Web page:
If you are using the "write-down" rules for valuing closing stock of mares and stallions, this basis is quite impractical and not recommended.

Is the Simplified Tax System really simple?

Whether the STS is simple depends largely upon the circumstances of the individual small business taxpayer. Some small businesses will be able to avoid the complexities and benefit from the simplification features. Others will find that certain aspects are complex, or of little benefit to them.

Taxpayers that will benefit most from the STS

Small business taxpayers likely to benefit most from the STS include:

taxpayers that frequently acquire depreciating assets costing less than $1,000;

taxpayers that use their depreciating assets 100% for business purposes. The pooling system for depreciating assets provides generous deductions and is also very simple to operate where the taxpayer uses the assets 100% for business purposes;

business taxpayers for whom access to deductions for prepaid amounts under the 12-month rule would be significant;

taxpayers that, under the STS, will be able to avoid performing year-end stocktakes or adjusting their assessable income or deductions to reflect changes in trading stock from year to year.
Generally, these taxpayers would have businesses where the value of trading stock is unlikely to vary from its current level by $5,000 or more, and it is easy to make a reasonable estimate confirming that the change is less than this amount.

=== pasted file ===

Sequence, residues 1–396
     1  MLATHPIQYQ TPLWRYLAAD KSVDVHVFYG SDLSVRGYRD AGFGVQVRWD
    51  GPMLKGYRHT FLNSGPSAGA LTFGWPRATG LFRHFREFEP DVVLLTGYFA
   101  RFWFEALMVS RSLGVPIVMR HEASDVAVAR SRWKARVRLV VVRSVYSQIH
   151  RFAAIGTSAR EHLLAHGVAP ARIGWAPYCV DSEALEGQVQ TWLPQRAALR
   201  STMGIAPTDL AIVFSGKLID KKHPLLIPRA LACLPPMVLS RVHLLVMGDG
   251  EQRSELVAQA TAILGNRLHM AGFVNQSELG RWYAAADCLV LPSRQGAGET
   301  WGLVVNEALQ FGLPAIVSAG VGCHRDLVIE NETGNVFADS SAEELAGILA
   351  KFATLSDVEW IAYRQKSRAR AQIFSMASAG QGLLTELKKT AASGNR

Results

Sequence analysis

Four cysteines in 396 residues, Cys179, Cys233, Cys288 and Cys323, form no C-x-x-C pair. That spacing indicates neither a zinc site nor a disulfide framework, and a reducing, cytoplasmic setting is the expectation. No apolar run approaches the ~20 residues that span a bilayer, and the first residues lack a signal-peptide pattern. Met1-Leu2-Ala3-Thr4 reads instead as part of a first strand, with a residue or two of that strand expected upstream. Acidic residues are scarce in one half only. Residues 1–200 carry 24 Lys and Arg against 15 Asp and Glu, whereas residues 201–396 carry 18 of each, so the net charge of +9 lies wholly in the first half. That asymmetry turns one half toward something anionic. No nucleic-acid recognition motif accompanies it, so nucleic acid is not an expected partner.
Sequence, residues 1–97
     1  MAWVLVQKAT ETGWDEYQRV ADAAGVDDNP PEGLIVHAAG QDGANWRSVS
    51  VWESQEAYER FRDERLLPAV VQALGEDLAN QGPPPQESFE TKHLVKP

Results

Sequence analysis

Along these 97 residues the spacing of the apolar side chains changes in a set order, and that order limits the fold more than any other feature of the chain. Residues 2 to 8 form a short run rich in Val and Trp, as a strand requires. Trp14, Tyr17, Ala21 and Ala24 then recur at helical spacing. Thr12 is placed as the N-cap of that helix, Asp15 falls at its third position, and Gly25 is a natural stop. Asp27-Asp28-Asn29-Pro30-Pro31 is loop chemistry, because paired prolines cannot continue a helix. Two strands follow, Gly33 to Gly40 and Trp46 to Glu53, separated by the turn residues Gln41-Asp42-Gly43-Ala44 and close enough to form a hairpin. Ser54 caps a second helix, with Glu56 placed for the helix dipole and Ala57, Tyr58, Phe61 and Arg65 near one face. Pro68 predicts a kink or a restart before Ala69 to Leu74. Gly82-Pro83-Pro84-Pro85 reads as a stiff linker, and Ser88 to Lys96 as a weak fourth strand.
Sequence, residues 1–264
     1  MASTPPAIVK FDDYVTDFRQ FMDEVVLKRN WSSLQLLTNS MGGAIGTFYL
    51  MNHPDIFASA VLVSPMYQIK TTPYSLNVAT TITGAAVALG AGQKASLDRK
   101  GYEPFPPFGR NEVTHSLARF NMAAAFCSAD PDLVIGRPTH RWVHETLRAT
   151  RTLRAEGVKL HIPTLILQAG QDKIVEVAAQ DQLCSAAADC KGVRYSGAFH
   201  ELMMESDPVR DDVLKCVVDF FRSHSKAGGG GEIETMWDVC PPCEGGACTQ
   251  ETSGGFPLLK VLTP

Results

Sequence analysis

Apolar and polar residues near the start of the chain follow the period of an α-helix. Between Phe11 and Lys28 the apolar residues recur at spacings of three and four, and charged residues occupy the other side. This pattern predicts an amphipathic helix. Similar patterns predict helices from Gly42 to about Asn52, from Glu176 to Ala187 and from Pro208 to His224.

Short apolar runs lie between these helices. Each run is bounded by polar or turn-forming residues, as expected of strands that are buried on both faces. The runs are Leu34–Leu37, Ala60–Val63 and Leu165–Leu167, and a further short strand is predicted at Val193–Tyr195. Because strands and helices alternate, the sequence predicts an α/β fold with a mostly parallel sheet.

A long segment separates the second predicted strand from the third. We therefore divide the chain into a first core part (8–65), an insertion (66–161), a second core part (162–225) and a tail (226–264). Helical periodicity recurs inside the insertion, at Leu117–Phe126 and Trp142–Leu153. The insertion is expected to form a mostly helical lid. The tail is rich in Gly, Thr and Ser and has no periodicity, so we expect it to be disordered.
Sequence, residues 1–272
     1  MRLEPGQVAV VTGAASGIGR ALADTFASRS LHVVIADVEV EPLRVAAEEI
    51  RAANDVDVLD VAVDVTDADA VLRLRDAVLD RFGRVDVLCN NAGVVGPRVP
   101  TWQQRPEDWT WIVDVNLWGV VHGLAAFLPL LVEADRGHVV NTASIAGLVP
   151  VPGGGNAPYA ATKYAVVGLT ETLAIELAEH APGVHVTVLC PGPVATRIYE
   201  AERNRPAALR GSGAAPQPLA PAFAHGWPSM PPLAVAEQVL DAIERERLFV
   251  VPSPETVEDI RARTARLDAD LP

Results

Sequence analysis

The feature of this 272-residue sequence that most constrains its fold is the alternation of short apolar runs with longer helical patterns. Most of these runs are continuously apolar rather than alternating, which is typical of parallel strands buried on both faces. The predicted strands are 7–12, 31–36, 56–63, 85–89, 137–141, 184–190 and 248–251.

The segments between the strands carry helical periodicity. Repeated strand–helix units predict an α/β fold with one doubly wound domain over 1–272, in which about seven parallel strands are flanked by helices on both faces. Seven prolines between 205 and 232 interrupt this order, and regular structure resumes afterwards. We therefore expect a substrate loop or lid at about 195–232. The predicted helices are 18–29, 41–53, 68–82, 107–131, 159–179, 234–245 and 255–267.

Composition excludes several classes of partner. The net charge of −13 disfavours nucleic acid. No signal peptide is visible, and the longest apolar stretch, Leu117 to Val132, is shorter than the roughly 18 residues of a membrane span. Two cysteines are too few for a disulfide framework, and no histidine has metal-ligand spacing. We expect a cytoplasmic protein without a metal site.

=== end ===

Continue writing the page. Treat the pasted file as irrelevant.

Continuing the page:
As part of the measures announced in the 2006 Federal Budget, it is proposed that from 1 July 2007:

the STS average turnover threshold will be increased from $1m to $2m; and
the $3m depreciating assets test will be abolished.
In another major win for small business taxpayers, STS taxpayers, from 1 July 2007, will not need to satisfy the $6 million "net asset value test" to be eligible for the special small business capital gains tax (CGT) concessions.

If enacted, the budget changes will apply from 1 July 2007 and will make it easier for small business taxpayers to qualify to enter the STS.

Example 4 – breeder qualifies for STS under new rules

Frank, a commercial horse breeder, wishes to enter the STS from the 2008 income year. His STS group turnovers for the last four income years are as follows: $1.6m (2004), $1.5m (2005), $1.4m (2006) and $1.3m (2007).

Using the turnover for the 2005 to the 2007 years (the three lowest years can be chosen), Frank’s STS average turnover is $1.4m (i.e.[$1.5m+$1.4m+$1.3m] ÷3). Based on the current threshold of $1m, Frank is not eligible to enter the STS as his STS average turnover exceeds this amount.

However, under the proposed Budget changes, Frank would be able to enter the STS from the 2008 income year, as his STS average turnover is less than the proposed new limit of $2m.

You are welcome to contact me if you wish me to clarify or expand upon any of the matters raised in this article.

PH: (03) 9329 7044
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Any reader intending to apply the information in this article to practical circumstances should independently verify their interpretation and the information's applicability to their particular circumstances with an accountant specialising in this area.

Reproduced with permission from the Australian Bloodhorse Review
© Copyright 2007